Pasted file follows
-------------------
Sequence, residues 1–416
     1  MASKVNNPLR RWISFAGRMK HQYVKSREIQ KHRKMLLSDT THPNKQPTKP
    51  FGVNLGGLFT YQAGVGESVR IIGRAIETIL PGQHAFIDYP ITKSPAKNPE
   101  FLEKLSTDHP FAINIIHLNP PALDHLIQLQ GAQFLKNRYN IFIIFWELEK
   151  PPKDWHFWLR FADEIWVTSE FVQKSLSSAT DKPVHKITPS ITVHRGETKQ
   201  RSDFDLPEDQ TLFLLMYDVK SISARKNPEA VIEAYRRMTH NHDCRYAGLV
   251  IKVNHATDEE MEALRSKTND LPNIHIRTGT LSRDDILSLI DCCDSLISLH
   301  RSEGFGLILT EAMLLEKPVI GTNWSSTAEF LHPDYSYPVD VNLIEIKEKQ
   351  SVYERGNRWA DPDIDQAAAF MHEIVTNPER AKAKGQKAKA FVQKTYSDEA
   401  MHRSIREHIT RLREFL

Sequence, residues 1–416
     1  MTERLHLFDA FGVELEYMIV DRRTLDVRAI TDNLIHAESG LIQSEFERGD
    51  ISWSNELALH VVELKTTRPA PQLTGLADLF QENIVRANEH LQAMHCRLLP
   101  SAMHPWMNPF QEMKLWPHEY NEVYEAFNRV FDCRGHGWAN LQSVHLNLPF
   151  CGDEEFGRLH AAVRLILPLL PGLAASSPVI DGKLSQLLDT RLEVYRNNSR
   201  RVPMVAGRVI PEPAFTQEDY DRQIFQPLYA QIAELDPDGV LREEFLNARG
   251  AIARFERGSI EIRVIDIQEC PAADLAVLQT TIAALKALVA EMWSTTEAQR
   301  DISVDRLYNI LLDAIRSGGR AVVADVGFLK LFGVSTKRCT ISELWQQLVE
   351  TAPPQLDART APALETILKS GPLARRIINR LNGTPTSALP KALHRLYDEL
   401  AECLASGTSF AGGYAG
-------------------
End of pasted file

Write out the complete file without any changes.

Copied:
Sequence, residues 1–416
     1  MASKVNNPLR RWISFAGRMK HQYVKSREIQ KHRKMLLSDT THPNKQPTKP
    51  FGVNLGGLFT YQAGVGESVR IIGRAIETIL PGQHAFIDYP ITKSPAKNPE
   101  FLEKLSTDHP FAINIIHLNP PALDHLIQLQ GAQFLKNRYN IFIIFWELEK
   151  PPKDWHFWLR FADEIWVTSE FVQKSLSSAT DKPVHKITPS ITVHRGETKQ
   201  RSDFDLPEDQ TLFLLMYDVK SISARKNPEA VIEAYRRMTH NHDCRYAGLV
   251  IKVNHATDEE MEALRSKTND LPNIHIRTGT LSRDDILSLI DCCDSLISLH
   301  RSEGFGLILT EAMLLEKPVI GTNWSSTAEF LHPDYSYPVD VNLIEIKEKQ
   351  SVYERGNRWA DPDIDQAAAF MHEIVTNPER AKAKGQKAKA FVQKTYSDEA
   401  MHRSIREHIT RLREFL

Sequence, residues 1–416
     1  MTERLHLFDA FGVELEYMIV DRRTLDVRAI TDNLIHAESG LIQSEFERGD
    51  ISWSNELALH VVELKTTRPA PQLTGLADLF QENIVRANEH LQAMHCRLLP
   101  SAMHPWMNPF QEMKLWPHEY NEVYEAFNRV FDCRGHGWAN LQSVHLNLPF
   151  CGDEEFGRLH AAVRLILPLL PGLAASSPVI DGKLSQLLDT RLEVYRNNSR
   201  RVPMVAGRVI PEPAFTQEDY DRQIFQPLYA QIAELDPDGV LREEFLNARG
   251  AIARFERGSI EIRVIDIQEC PAADLAVLQT TIAALKALVA EMWSTTEAQR
   301  DISVDRLYNI LLDAIRSGGR AVVADVGFLK LFGVSTKRCT ISELWQQLVE
   351  TAPPQLDART APALETILKS GPLARRIINR LNGTPTSALP KALHRLYDEL
   401  AECLASGTSF AGGYAG